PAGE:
As of 10:30 pm Pacific Wednesday there were 1215 signatures.

The full text is at the pledge link (above) as are the instructions on how you can sign. There are also links if you want to be a more active participant or just want more information.

Why should you do it?

The words of Martin Niemöller, a prominent Protestant pastor and rabid anti-Nazi, who spent seven years in a concentration camp explain it best.

First they came for the Socialists, and I did not speak out—
Because I was not a Socialist.

Then they came for the Trade Unionists, and I did not speak out—
Because I was not a Trade Unionist.

Then they came for the Jews, and I did not speak out—
Because I was not a Jew.

Then they came for me—and there was no one left to speak for me.

Actively or passively; loudly or quietly you need to speak out over the next two years.

And in two years it will be up to you to help take back Congress.

Image credit: Karen

Golden Oldies: Vested Self-interest In Action

Monday, December 12th, 2016

It’s amazing to me, but looking back over more than a decade of writing I find posts that still impress, with information that is as useful now as when it was written. Golden Oldies is a collection of what I consider some of the best posts during that time.

To truly understand this post, you need to click the link and read the original explanation of VSI. VSI isn’t particularly original, but it is rarely called that — people prefer nicer or more professional sounding euphemisms. And that’s OK; I just prefer to opt for clarity and simplicity — which is why I’m considered too blunt.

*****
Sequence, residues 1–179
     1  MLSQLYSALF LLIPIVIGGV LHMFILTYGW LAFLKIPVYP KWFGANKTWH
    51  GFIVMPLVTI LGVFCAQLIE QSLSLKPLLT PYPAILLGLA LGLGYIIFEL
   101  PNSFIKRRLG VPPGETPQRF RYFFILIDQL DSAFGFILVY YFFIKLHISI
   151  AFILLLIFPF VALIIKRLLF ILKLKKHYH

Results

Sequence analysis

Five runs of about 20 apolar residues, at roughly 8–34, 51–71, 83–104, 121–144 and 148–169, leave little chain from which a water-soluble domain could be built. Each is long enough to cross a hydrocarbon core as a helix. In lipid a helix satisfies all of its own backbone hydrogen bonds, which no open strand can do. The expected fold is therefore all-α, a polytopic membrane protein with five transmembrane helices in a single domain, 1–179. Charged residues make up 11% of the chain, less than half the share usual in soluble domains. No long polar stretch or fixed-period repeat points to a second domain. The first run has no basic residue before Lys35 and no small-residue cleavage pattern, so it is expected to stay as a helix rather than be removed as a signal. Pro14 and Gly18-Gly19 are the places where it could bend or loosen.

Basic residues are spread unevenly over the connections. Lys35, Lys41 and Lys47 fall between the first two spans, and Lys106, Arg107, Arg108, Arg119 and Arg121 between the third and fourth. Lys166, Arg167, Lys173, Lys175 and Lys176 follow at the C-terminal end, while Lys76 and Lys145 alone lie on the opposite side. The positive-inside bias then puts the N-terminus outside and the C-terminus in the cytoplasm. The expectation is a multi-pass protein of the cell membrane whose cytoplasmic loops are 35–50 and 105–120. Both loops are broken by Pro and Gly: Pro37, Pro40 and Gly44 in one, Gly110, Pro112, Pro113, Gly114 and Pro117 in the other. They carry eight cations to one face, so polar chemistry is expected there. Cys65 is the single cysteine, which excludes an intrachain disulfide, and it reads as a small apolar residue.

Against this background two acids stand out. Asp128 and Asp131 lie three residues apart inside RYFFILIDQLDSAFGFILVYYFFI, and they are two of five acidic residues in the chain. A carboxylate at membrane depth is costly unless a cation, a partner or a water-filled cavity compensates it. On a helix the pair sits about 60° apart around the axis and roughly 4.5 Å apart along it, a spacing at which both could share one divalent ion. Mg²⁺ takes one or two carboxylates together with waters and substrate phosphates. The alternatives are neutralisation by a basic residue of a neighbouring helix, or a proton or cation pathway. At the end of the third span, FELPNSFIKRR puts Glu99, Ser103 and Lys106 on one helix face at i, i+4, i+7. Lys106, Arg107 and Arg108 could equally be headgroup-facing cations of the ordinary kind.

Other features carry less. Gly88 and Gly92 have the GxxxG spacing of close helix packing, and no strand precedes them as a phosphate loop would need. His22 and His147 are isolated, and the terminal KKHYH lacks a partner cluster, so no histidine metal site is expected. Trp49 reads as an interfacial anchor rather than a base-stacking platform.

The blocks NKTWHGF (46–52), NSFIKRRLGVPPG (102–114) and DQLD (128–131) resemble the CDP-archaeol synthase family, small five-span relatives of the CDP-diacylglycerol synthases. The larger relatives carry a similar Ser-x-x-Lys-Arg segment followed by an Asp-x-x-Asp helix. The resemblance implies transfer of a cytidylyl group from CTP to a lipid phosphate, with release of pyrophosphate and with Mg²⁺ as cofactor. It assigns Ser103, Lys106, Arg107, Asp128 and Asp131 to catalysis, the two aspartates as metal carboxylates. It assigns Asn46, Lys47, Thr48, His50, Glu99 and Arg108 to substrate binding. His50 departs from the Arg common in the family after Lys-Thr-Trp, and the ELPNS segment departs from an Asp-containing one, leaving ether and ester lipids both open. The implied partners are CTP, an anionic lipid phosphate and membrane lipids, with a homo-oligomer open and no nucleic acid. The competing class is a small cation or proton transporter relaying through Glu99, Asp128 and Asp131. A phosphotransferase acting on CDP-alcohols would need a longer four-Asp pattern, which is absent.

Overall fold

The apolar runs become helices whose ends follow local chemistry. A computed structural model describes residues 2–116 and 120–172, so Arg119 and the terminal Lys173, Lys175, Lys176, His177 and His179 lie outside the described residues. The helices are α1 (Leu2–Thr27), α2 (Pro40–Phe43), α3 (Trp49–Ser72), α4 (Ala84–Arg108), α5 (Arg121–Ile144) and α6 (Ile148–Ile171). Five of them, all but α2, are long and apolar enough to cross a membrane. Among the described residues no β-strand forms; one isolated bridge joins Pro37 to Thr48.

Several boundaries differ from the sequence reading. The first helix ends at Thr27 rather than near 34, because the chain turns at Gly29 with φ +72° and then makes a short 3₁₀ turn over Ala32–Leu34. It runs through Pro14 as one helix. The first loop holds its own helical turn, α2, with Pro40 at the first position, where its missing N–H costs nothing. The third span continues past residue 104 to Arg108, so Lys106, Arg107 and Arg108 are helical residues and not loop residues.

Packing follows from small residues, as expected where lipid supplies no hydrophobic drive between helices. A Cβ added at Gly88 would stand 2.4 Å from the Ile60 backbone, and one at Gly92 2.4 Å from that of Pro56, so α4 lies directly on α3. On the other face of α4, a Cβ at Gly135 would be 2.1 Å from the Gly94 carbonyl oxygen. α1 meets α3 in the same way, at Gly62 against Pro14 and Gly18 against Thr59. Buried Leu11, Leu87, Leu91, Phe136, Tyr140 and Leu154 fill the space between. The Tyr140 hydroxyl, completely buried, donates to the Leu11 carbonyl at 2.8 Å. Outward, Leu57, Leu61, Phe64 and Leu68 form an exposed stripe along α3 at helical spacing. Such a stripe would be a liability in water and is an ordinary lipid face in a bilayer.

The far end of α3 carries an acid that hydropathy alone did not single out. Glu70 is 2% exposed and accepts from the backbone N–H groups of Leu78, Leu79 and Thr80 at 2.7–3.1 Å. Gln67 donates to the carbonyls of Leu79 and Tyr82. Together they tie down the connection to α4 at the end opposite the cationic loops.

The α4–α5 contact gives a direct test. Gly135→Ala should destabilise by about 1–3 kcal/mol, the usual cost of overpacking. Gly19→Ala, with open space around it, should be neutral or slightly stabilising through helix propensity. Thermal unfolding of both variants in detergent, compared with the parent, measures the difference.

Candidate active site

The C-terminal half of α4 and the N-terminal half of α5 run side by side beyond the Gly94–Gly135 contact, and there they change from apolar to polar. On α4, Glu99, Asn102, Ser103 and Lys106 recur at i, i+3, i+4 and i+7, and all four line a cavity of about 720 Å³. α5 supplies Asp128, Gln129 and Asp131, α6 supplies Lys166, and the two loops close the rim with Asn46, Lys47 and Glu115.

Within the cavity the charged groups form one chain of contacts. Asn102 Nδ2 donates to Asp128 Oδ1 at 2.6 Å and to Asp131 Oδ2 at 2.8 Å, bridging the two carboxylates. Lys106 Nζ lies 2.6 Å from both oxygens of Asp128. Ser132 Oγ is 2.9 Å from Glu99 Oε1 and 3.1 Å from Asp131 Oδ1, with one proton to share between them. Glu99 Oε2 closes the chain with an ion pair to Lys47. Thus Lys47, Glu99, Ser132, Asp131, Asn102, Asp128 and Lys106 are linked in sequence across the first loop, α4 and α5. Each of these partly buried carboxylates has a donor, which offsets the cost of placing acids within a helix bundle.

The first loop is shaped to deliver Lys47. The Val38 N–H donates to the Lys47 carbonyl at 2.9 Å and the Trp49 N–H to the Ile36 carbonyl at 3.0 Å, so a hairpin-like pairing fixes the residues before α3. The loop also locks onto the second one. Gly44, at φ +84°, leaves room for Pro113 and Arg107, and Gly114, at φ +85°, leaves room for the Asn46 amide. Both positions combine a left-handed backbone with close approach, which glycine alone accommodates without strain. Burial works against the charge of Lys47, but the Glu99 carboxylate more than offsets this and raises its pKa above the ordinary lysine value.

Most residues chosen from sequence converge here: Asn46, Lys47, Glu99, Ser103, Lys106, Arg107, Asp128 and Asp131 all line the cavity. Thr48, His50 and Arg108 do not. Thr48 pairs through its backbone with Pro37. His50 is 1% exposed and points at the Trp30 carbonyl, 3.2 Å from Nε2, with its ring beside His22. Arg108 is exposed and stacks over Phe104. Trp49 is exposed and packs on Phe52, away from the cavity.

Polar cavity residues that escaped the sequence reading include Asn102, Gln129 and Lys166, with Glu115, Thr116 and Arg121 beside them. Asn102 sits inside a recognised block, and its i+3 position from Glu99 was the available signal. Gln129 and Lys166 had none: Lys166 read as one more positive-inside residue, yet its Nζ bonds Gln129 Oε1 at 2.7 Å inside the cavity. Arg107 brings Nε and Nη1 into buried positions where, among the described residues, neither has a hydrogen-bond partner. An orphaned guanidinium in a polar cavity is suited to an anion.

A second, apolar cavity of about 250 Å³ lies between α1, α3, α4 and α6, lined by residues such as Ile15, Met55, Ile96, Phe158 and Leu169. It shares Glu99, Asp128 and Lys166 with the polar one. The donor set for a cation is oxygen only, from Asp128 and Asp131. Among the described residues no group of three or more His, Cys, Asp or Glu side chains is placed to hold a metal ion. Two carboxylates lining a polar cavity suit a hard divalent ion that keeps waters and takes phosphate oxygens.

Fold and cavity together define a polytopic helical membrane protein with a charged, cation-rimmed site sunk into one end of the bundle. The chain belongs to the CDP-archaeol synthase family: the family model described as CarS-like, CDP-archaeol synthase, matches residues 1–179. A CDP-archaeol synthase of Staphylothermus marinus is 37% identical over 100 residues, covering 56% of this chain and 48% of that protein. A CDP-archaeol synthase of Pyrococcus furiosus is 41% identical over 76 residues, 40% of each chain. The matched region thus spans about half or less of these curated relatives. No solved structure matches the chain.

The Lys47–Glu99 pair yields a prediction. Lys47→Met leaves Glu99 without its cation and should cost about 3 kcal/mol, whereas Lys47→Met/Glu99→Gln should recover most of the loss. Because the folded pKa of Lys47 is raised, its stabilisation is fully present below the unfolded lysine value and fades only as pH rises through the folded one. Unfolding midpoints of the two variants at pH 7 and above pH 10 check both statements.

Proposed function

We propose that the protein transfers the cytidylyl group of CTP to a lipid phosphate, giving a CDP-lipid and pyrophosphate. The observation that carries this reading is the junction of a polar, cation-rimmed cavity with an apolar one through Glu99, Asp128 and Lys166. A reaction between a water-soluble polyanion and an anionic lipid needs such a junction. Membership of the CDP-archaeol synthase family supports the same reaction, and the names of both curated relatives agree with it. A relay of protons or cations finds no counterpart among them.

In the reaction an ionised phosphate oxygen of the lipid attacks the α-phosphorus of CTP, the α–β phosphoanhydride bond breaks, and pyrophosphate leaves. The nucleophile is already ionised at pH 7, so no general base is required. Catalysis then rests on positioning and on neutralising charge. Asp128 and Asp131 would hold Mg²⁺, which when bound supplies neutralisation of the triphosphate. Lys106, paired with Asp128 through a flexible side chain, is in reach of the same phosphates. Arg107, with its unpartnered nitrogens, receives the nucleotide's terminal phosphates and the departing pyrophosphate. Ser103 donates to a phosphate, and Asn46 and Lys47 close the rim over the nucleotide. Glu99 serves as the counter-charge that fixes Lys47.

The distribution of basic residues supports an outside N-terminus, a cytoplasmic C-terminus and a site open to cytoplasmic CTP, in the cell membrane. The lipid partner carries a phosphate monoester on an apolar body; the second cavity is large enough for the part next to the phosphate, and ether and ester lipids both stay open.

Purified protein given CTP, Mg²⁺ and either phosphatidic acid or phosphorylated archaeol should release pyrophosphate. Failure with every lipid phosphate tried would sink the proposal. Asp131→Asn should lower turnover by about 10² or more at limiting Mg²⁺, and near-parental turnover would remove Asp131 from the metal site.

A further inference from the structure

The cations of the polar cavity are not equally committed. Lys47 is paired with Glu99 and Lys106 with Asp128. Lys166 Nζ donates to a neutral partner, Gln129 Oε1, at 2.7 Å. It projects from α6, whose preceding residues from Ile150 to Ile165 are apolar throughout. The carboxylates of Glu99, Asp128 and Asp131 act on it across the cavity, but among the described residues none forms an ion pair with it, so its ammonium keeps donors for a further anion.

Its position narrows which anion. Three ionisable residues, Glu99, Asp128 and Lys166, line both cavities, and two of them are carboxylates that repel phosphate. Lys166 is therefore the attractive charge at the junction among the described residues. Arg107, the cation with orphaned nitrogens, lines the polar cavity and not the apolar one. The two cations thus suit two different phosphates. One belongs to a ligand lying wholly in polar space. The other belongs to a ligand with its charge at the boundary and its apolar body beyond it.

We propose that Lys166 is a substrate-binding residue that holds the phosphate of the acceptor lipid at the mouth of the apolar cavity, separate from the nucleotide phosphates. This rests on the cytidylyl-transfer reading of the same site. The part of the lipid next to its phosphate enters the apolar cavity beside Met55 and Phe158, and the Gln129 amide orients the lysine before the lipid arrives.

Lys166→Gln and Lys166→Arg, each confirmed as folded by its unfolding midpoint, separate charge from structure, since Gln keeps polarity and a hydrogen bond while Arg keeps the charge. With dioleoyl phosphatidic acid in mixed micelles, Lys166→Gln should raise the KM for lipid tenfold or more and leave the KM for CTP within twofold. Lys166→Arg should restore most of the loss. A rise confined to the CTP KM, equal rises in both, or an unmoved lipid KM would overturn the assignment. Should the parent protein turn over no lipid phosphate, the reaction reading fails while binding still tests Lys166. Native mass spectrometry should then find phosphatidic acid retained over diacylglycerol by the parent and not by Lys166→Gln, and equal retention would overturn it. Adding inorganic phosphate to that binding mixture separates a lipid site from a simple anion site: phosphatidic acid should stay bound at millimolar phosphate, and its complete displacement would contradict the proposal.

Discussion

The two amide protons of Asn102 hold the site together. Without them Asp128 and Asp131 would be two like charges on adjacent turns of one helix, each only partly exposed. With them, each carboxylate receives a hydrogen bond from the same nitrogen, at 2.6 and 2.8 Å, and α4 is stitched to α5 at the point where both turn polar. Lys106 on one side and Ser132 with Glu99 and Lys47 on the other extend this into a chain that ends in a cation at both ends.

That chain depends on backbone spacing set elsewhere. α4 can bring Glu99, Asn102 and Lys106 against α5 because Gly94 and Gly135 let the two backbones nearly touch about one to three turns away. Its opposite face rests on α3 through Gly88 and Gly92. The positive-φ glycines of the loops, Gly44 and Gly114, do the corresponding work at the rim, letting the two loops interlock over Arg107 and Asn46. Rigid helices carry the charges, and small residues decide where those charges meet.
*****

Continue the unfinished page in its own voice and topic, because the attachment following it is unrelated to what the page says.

Read other Golden Oldies here.

vsi-successTuesday I shared my version of VSI, the main ingredient in motivational sauce, and today I want to tell you a story about how it works.

Earlier this year I was working with a client, Jim, on various management approaches, such as offering good feedback and open sharing of all information, i.e., not dribbling it out over multiple requests, that he wanted to integrate into the company culture. During the conversation he asked me “What can I do to open the minds of some of my managers?”

Unfortunately, there is really nothing you can do to force a person to change the way they think, but there is much you can do to encourage it. I honestly believe that the fastest, as well as the most potent, way to encourage change is good old VSI.

I used to believe that people had to perceive the need for change before they could change, but based on experience I’ve found that if they see benefits to themselves from doing things differently they will start moving in that direction and the results can be almost surreal.

Jim had a manager who was known for making his people come to him constantly to get the information necessary to do the work they were assigned. His attitude/actions resulted in higher-than-normal turnover in his group, but he insisted that he wasn’t doing anything and people could get the information at any time, so there was no correlation.

Using VSI, Jim and I worked out a two-prong approach to change his behavior.

  • 20% of his annual bonus was tied to reducing his group’s turnover by 30% (which would bring it in line with the company as a whole); and
  • Jim started doing to the manager as he did to his group by forcing him to come and ask and then dribbling out the information he needed to meet his targets.

Part of the manager’s reaction was straightforward—he grumbled a bit about the retention bonus. But the surreal part was in his reaction to the information plug—nothing, not a word or an action to acknowledge what was going on.

However, he must have noticed, because within days of it starting he was giving more complete information to his people.

Not all at once and not very graciously, but he loosened his hold on the information flow, so did Jim. If the manager backtracked Jim tightened up and the manager learned that to get he had to give.

At first, his people were cautious, not really trusting the new openness, but after about a month the results started and after six weeks they took off like a rocket—productivity and retention zoomed north, while grumbling and discontent headed south and on into oblivion.

But the surreal part is that, in spite of his people commenting publicly on how differently he was handling assignments, meetings, etc., to this day the manager claims that nothing changed and certainly not him.

Image credit: Street Sign Generator